The publishing industry in Germany - statistics & facts
The publishing industry in Germany looks back on several centuries of history. To reach back to an event that revolutionized book printing and subsequently paved the way for mass publishing in Europe as it is known, Germany is the home of the Gutenberg press, a printing press invented by Johannes Gutenberg in the 15th century. Nowadays the German publishing industry is incredibly varied and encompasses not only books, but also newspapers, magazines, e-books, audiobooks, and sometimes even games.
Among German fiction and non-fiction publishing houses, the three leading players were Random House, Carlsen, and Bastei Lübbe. Random House is part of the international publishing group Penguin Random House. In turn, it includes 47 other publishing companies and is among the most successful publishing companies on a national level in Germany. The Bastei Lübbe group is actually a media company existing in the form of a trade publisher. All three houses publish books in a variety of genres, as well as audiobooks, e-books, and other digital media, though Carlsen is known in particular for its children's and young adult literature. In 2020, the German book trade generated an estimated 9.3 billion euros in revenue.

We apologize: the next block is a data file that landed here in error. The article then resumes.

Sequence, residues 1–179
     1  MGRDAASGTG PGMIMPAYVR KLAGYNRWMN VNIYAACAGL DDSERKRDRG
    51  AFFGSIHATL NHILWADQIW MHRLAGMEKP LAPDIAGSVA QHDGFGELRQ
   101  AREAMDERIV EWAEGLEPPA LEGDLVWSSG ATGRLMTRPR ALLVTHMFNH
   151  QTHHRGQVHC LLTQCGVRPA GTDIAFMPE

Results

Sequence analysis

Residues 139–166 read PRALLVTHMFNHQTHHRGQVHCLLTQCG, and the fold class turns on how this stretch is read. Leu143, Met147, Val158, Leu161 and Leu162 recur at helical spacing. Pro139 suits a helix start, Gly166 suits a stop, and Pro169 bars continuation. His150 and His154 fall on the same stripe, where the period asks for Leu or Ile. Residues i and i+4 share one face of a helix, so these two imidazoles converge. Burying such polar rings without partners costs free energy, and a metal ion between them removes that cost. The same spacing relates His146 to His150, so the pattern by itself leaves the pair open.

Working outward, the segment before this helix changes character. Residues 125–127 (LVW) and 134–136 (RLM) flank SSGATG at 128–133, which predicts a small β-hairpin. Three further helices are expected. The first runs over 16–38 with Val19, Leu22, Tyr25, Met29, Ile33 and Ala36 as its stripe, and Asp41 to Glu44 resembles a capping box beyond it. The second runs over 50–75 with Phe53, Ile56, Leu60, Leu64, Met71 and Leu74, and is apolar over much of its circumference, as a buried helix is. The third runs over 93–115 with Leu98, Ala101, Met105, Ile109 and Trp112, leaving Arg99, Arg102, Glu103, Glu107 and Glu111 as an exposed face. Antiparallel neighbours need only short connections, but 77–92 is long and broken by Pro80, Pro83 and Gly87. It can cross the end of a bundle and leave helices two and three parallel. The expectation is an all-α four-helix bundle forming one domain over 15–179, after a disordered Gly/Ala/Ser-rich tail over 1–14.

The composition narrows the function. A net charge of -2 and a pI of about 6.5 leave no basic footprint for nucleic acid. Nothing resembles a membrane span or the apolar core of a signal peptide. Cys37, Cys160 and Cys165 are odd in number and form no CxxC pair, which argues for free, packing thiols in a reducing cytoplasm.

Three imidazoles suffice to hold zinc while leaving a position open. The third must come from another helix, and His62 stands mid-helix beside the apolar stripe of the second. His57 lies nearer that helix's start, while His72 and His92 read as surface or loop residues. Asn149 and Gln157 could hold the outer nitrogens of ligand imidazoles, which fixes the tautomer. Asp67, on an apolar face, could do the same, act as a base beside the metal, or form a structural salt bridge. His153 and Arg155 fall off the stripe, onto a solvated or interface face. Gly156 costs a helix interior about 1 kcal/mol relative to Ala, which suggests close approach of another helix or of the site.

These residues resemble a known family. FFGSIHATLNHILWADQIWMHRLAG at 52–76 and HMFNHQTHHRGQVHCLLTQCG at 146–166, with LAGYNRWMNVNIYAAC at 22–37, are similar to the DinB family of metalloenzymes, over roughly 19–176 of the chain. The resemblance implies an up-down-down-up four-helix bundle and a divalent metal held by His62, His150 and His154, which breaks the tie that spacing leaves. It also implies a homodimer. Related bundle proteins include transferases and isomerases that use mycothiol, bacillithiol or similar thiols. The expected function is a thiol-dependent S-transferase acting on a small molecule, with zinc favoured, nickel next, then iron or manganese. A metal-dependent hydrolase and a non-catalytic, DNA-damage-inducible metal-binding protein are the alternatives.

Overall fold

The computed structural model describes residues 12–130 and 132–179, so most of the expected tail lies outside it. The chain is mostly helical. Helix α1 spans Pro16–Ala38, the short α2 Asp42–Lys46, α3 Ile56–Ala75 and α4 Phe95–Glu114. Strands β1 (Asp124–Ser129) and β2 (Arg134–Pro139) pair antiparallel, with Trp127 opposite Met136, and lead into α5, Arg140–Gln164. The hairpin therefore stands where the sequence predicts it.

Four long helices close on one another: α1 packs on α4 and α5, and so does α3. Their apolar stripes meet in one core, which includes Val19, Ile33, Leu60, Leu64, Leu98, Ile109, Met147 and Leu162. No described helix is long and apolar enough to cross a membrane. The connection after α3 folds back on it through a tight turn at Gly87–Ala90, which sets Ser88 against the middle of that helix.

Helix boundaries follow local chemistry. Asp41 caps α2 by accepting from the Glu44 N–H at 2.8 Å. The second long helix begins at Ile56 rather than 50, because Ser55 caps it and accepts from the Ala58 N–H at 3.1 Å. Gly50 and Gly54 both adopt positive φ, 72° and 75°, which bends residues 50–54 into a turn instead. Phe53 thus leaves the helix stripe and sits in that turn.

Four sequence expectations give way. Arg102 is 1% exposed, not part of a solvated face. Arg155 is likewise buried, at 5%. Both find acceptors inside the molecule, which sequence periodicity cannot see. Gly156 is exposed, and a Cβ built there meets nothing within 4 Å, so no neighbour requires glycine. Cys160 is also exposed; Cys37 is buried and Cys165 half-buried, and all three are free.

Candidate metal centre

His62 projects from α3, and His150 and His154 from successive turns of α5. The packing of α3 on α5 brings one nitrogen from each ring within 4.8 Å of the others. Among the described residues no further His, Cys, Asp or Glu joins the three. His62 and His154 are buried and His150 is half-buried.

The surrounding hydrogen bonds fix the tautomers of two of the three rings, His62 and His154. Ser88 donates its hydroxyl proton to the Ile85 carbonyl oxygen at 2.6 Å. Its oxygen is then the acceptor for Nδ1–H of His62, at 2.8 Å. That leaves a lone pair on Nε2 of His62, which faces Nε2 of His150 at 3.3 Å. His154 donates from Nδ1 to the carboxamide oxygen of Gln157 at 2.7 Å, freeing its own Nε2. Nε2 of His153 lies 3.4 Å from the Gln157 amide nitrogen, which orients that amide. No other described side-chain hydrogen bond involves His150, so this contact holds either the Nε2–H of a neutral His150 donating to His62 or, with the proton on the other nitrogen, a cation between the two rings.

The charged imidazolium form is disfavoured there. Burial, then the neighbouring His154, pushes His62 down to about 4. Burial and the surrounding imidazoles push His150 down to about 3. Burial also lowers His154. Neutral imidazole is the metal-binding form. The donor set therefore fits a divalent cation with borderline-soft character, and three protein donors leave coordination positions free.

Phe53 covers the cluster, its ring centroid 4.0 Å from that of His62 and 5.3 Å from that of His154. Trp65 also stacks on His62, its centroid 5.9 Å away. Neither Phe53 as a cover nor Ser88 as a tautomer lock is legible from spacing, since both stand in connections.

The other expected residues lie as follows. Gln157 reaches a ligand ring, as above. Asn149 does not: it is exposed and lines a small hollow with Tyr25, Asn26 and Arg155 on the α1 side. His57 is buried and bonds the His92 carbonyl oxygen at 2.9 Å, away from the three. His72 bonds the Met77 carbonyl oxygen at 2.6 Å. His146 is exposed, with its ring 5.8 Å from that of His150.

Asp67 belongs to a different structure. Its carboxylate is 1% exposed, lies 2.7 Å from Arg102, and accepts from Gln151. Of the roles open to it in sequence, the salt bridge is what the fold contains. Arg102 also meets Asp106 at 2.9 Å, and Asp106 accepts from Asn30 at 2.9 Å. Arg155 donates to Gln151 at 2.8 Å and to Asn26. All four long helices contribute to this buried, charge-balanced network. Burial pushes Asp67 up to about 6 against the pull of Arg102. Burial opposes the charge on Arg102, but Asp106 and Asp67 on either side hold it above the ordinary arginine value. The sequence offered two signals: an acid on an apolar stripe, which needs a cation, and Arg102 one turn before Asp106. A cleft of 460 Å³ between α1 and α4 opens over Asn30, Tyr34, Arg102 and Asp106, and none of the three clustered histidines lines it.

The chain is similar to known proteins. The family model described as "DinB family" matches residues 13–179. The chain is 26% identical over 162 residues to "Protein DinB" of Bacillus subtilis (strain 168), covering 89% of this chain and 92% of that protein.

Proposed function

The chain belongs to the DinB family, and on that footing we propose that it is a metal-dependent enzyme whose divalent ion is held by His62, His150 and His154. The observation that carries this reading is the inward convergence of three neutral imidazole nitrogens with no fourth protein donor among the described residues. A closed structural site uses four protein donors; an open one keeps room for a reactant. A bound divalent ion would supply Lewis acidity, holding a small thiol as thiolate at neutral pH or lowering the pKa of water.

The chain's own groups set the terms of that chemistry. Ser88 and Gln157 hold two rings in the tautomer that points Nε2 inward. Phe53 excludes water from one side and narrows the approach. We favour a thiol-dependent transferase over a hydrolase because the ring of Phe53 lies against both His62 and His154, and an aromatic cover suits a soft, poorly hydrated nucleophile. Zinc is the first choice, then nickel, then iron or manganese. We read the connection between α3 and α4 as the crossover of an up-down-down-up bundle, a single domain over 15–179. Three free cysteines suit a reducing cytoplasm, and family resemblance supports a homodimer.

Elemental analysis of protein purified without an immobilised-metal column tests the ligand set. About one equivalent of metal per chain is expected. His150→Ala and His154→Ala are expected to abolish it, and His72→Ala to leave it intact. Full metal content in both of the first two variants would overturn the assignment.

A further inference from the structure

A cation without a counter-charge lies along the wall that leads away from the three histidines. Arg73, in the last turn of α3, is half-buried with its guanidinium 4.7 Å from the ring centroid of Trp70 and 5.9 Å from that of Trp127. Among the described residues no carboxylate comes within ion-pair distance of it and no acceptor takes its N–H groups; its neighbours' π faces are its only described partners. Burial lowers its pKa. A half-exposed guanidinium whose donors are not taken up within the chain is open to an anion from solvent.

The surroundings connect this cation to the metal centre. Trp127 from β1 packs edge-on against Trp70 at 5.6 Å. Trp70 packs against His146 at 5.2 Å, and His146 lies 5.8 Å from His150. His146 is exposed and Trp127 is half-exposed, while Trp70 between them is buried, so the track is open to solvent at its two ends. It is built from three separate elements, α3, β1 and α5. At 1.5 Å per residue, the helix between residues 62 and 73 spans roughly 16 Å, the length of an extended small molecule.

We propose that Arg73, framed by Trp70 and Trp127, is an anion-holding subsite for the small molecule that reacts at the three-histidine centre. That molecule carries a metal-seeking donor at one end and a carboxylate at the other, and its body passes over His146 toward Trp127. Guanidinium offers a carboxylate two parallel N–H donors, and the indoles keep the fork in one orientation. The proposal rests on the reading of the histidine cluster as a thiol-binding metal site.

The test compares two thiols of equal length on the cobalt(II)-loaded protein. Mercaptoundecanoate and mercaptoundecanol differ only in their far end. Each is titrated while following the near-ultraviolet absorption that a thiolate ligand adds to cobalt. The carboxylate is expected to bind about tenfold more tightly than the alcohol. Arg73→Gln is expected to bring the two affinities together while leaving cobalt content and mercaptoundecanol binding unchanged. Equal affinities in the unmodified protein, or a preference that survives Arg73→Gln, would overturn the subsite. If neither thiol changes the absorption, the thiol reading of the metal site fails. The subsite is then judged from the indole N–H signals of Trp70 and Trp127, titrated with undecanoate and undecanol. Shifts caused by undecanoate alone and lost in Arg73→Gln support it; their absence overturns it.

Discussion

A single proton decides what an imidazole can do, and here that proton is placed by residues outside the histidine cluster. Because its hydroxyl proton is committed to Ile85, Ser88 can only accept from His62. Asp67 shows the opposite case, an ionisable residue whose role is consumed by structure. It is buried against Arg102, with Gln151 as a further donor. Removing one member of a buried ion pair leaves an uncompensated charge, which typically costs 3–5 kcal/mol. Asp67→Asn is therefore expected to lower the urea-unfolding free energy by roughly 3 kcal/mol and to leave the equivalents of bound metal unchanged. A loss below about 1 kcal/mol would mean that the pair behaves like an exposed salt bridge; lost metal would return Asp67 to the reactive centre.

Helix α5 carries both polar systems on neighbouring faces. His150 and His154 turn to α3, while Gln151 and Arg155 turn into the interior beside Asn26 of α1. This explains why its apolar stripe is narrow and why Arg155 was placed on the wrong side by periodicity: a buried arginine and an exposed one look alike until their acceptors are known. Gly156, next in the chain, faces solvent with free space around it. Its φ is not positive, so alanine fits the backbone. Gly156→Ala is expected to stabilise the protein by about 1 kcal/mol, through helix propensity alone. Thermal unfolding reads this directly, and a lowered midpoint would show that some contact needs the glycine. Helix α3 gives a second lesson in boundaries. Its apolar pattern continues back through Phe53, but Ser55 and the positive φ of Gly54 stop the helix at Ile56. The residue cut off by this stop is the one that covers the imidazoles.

Newspapers and magazines
One of the challenges confronting the newspaper market and, consequently, publishers, is falling circulation, with daily newspapers suffering year after year. Although in 2022, there was a small uptake in the number of newspapers sold. A growing number of newspaper publishers in Germany offer paid content accessible online, which reflects the fact that selling printed copies alone is no longer enough to ensure profitability. Subscription models are also popular among news websites, where people pay a small monthly fee and can access exclusive articles.
Some of the best-known magazine publishers in Germany are (also) Axel Springer, Hubert Burda, and Gruner + Jahr. Consumer magazines typically make up a large share of magazine sales and have a high reach. The print industry, however, is becoming less popular and replaced by online sources. Therefore, just like newspapers, numerous titles on the German magazine market record quarterly circulation losses.
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